After students have shared their prediction regarding the connection among terms, fill in any missing information with a mini-lecture. Students are to capture important notes.
Nerves transmit information from the brain, telling muscles when to contract, extend, or relax. Nerves are sent from our brain and also allow our brain to respond to senses which we may touch, taste, smell, hear, or see. Have you ever quickly tensed your muscles because you were scared or surprised by something? This is an example of your nerves at work!
Tendons are a form of tough connective tissue which joins skeletal muscle to bone. They are attached in a precise way, which allows them to pull on bones like levers. The muscles provide the force to move the bone, but the tendon does the pulling! Flex your arm and you will see your tendons pulling your forearm up, while your muscles provide the needed supporting strength.
Blood vessels keep muscles oxygenated and remove waste. As blood circulates through the body, oxygen that we breathe in is carried to muscles and organs throughout the body. As the blood returns, it carries with it waste such as lactic acid. Did you feel the burn in your legs after the wall-sit competition? That is a result of blood circulation slowing and being unable to keep up with lactic acid removal.
Opposing muscles work like a choreographed partnership to move your limbs back and forth. As one muscle contracts (tightens), the opposing muscle releases (stretches). Take a look at your arm again. Flex your arm and watch as your biceps tighten and your triceps simultaneously release.
Resources and Materials
- How Muscles and Bones Interact [ Download ]
- Chicken Wing Lab Lab / Shop
Materials Needed: Lab Handout (1 per student), refer to lab handout for specific lab supplies needed
The purpose of this exercise is to practice manipulating dissecting equipment and become familiar with organs and tissues found throughout the body of animals. Prior to class, organize necessary materials for the attached Chicken Wing Lab. The following materials are needed for each student: one raw chicken wing, scissors, paper plate, tweezers or forceps. Consider providing cleaning supplies as well (disinfectant wipes, spray, paper towels) if your classroom is not equipped with a sink. You may elect to have students work individually or in collaborative working groups of 2-4.
Empower your students! In order to delegate responsibility and empower students to take a leadership role, select students to fill the following positions: Materials Manager (in charge of materials) Chief Scientist (keeps students on track with lab procedures), Sanitation Engineer (ensures all materials are properly cleaned), Recorder/Reporter (captures notes and shares updates). You may choose to have one student fill each role for the class as a whole, or give each student a role if working in collaborative groups.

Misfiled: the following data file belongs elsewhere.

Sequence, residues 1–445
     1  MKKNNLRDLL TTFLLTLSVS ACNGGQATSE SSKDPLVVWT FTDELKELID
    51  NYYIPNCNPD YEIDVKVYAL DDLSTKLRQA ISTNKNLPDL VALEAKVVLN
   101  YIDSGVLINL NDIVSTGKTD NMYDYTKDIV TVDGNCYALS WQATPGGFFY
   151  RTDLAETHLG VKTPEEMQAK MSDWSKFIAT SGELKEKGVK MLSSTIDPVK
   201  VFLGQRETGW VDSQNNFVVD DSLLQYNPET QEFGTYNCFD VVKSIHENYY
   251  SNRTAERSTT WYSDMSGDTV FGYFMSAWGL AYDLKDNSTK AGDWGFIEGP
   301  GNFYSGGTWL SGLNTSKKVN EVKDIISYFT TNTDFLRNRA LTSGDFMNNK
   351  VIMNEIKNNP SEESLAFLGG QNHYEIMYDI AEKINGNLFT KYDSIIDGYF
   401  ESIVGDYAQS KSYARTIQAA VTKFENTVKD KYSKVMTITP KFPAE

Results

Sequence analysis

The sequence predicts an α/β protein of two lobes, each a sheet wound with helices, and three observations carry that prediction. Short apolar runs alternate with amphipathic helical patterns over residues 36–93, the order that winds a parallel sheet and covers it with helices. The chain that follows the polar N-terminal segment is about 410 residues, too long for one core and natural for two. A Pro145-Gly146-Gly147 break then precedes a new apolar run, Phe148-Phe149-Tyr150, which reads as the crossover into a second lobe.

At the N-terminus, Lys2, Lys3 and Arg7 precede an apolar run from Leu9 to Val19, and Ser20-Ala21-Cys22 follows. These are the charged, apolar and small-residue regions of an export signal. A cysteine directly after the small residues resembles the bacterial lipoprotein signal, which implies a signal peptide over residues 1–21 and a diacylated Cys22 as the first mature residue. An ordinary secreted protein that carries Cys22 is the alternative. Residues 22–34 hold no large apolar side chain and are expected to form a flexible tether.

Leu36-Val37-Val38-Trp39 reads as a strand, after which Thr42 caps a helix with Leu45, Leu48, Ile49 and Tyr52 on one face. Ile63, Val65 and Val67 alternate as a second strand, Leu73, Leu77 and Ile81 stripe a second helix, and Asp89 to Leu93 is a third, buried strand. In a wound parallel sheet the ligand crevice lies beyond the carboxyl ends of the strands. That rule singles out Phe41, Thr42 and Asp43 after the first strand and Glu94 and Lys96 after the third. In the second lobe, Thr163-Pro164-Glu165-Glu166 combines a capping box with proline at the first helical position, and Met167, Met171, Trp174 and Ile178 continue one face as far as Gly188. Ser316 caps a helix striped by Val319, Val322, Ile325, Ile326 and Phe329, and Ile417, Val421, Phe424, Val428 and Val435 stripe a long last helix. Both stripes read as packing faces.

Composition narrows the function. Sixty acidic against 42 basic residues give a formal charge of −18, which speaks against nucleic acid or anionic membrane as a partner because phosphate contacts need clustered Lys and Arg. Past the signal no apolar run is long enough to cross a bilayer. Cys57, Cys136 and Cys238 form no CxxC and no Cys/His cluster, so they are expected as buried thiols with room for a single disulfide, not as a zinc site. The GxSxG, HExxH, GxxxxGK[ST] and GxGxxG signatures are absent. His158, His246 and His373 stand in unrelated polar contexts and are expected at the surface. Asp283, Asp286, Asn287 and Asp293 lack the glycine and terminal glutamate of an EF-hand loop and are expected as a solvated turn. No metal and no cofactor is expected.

Ag Connection: Have students identify one job or career for which knowledge of muscles is essential. (i.e. meat scientist, butcher, veterinarian, animal sports therapist, etc.)
Resources and Materials
- Chicken Wing Lab [ Download ]
- Ticket Out the Door Closure
Materials Needed: Small square of paper (1 per student)
After the lab has been completed and the room sufficiently cleaned, check for student understanding with a ticket out the door. Provide each student with a small square of paper on which they are to respond to three guiding questions. What are the three types of muscle tissue? What are two ways in which muscles and bones interact? What is one thing you learned from the Chicken Wing Lab? Students respond to questions and hand their responses to you as they exit. In this fashion, all students must respond in order to have a ticket out the door!
- Assessment Types:
- Lab Report
Assess student progress and performance by collecting labs. Labs can be evaluated for thorough completion as well as accuracy. In addition, you may wish to collect and review tickets out the door to assess retention. Tickets can be used as a review technique at the start of the following class period.
This lesson provides a comprehensive, big-picture view of the muscular system. You may choose to follow this lesson with an in-depth look at muscle contraction and control of muscle contraction.